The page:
Clarice Cliff, ceramic artist extraordinaire (1899-1972).
What did she do?
Clarice was famed for her iconic designs: her striking use of colour and pattern make her pieces instantly recognisable, and her work is still highly sought after by collectors. Her pieces regularly sell at auction for thousands of pounds.
Having been surrounded by the industry from a young age – her aunts worked as hand painters at a nearby pottery firm – Clarice undertook a number of apprenticeships before being given her own studio; it was then that she began to create her own patterns on pieces of broken pottery. She named her products the ‘Bizarre’ range and called the team of young women who painted her designs the ‘Bizarre girls’.
In 1928, she created the ‘Crocus’ ranges, and it was here that her success began to accelerate. By 1929, she had over 70 people working for her.
In the early 1930s, she was appointed the manager of a project that involved dozens of the period’s best artists, titled Modern Art for the Table. Other artists involved included Barbara Hepworth, Vanessa Bell and Paul Nash.
She worked with a diverse range of products, including plates, vases and coffee pots, and created all of her designs by hand.
What inspired her work?
Clarice was born and raised in Stoke-on-Trent in Staffordshire, which is still famed for its pottery today (among others, it’s home to the Wedgwood Museum); it was a city buzzing with opportunity for budding ceramic artists.
One of the biggest influences in her work was the Art Deco movement, which favoured bold patterns, striking colour and screamed 1920s glamour. Many of her pieces were based around hot, dusty landscapes, often painted in Mediterranean-esque brights: think deep blue skies, rolling yellow fields and a red-roofed cottage.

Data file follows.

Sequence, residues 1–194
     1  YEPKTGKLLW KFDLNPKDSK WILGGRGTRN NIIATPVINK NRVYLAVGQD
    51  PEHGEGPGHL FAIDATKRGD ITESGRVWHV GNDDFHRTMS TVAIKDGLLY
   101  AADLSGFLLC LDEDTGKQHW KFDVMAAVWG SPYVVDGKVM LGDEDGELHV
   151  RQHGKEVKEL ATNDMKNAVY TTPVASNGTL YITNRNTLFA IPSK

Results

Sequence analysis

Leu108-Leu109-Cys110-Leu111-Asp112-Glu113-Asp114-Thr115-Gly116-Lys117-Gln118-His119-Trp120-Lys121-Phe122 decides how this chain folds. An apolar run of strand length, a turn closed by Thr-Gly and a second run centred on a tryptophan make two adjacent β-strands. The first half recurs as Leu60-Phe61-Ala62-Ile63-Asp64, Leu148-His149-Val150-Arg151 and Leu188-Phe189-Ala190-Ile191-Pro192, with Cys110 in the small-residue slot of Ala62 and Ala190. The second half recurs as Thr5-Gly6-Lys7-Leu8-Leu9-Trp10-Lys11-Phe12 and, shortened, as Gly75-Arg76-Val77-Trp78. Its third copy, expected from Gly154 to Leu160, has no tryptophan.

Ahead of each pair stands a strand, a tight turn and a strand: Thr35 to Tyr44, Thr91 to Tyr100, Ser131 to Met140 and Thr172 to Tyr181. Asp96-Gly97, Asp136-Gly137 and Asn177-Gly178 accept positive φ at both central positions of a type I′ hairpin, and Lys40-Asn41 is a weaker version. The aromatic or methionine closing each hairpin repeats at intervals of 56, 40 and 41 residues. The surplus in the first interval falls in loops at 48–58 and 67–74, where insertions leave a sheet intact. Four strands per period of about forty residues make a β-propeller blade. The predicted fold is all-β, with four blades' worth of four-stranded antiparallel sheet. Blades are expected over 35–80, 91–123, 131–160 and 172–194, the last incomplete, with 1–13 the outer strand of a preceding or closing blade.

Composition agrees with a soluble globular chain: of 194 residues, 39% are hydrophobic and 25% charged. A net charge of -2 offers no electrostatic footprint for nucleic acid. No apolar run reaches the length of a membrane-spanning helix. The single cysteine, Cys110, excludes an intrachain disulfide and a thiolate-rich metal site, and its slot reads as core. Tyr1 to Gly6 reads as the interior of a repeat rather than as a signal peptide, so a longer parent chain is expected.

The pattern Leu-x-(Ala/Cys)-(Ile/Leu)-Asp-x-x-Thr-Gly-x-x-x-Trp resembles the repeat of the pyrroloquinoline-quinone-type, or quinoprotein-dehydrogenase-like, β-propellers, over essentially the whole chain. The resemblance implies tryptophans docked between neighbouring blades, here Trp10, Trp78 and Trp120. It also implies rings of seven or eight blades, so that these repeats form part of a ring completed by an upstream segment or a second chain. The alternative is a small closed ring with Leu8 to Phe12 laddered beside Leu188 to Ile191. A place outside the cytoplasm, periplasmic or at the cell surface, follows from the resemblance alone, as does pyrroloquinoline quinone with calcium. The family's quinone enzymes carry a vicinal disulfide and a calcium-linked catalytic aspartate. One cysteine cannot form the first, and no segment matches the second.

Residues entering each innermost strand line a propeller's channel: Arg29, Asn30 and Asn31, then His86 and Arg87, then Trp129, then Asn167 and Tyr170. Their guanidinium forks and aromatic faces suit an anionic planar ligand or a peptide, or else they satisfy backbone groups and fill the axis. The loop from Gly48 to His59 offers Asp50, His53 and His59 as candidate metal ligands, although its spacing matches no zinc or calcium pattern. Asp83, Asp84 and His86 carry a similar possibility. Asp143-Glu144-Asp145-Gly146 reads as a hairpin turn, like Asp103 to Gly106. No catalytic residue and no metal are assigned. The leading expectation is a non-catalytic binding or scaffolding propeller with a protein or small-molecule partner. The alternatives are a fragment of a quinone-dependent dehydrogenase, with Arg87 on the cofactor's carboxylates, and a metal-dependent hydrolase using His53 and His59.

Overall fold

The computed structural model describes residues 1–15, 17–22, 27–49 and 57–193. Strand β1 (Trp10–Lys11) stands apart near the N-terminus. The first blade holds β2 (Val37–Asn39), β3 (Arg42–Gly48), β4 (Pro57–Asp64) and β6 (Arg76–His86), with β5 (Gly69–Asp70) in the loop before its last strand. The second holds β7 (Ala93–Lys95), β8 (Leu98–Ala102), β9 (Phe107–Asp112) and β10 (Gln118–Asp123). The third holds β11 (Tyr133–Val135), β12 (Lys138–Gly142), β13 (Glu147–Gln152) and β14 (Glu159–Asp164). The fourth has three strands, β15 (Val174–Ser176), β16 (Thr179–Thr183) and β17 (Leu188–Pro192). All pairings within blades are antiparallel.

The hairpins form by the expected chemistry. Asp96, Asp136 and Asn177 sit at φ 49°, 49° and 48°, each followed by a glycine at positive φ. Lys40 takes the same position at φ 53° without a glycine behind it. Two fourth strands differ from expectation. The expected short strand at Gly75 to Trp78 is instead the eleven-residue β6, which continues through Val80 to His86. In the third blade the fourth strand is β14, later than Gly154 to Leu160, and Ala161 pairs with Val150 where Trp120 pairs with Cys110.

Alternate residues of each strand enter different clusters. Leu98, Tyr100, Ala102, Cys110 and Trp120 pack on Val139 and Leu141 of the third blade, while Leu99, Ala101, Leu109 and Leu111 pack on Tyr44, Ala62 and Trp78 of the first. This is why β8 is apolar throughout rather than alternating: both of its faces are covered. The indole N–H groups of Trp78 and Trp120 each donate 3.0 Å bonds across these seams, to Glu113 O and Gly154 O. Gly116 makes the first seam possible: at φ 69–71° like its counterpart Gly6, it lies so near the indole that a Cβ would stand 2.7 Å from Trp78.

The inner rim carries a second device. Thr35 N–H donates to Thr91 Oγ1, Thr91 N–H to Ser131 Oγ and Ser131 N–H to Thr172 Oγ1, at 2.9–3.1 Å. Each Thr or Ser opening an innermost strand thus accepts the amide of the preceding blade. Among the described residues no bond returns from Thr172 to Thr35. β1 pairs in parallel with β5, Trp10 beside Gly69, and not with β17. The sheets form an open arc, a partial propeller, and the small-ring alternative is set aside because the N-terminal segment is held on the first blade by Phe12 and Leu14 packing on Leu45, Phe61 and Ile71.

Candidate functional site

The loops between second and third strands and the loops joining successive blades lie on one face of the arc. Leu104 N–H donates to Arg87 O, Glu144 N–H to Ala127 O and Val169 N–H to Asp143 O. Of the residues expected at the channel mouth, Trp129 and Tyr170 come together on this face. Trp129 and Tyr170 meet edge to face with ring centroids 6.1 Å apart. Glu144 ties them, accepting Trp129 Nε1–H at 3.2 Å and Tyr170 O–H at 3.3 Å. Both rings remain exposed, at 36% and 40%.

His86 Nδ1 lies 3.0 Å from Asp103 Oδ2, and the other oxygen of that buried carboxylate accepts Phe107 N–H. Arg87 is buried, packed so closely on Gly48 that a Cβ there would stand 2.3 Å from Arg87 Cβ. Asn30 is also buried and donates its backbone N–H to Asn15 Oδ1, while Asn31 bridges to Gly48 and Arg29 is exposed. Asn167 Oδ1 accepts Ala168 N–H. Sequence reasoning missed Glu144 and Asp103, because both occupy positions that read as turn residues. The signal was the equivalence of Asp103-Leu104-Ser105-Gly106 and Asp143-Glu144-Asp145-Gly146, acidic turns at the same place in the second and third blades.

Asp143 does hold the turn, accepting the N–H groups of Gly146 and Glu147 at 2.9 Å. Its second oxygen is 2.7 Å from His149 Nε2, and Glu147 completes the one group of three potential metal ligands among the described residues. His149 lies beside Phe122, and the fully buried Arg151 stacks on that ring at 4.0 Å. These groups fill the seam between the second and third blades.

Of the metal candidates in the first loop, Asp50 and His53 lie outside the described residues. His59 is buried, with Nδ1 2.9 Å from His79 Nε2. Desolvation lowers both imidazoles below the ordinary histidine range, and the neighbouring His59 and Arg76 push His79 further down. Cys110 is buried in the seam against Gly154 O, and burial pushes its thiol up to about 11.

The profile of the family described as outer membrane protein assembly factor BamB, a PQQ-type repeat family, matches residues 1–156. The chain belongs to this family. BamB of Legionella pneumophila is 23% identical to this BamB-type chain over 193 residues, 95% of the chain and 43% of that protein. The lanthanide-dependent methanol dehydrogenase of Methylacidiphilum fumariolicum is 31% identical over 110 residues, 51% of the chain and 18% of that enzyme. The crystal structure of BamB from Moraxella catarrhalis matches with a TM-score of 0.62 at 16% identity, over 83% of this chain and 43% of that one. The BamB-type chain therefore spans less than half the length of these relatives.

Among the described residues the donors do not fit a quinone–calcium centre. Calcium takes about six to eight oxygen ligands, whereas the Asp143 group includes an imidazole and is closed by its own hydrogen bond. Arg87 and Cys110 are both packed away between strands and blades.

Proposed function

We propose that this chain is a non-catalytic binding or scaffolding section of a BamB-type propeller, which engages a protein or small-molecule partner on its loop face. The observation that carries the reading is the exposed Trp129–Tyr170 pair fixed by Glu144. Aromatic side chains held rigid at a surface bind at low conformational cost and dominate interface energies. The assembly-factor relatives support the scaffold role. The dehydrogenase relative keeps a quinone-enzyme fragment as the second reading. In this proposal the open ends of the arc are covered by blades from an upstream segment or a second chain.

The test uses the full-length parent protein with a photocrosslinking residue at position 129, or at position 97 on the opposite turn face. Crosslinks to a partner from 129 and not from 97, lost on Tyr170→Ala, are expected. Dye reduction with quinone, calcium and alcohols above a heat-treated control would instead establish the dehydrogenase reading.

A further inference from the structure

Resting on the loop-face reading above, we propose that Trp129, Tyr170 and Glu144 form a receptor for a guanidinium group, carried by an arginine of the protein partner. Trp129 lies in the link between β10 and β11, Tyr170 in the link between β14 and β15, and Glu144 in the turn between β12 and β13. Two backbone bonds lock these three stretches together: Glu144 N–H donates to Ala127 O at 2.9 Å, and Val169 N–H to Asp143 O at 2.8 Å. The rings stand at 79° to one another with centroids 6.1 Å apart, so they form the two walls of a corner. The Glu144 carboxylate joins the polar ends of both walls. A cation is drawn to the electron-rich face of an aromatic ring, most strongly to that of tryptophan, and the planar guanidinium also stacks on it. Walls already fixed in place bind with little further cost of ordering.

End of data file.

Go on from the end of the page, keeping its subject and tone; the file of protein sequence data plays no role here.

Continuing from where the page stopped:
What is her best known piece of work?
Why should I care about her work?
In a time when the ‘career woman’ didn’t exist – women had barely managed to secure the vote when Cliff was at her most prevalent during the 1930s – Clarice managed to successfully make her mark on a traditionally male industry, based purely on her talent.
Her hard-work ethic – undertaking strenuous apprenticeships and developing her talents on the job – makes her an inspiration. Work hard and the results will – eventually – come.
Considering that she created her designs alone, her huge range of varied patterns reflect her expert eye for design. Her colourful pieces brought a splash of practical style to homes across the country.
‘Having a little fun at my work does not make me any less of an artist and people who appreciate truly beautiful and original creations in pottery are not frightened by innocent tomfoolery!’
More of Clarice’s designs can be seen at the Victoria & Albert museum.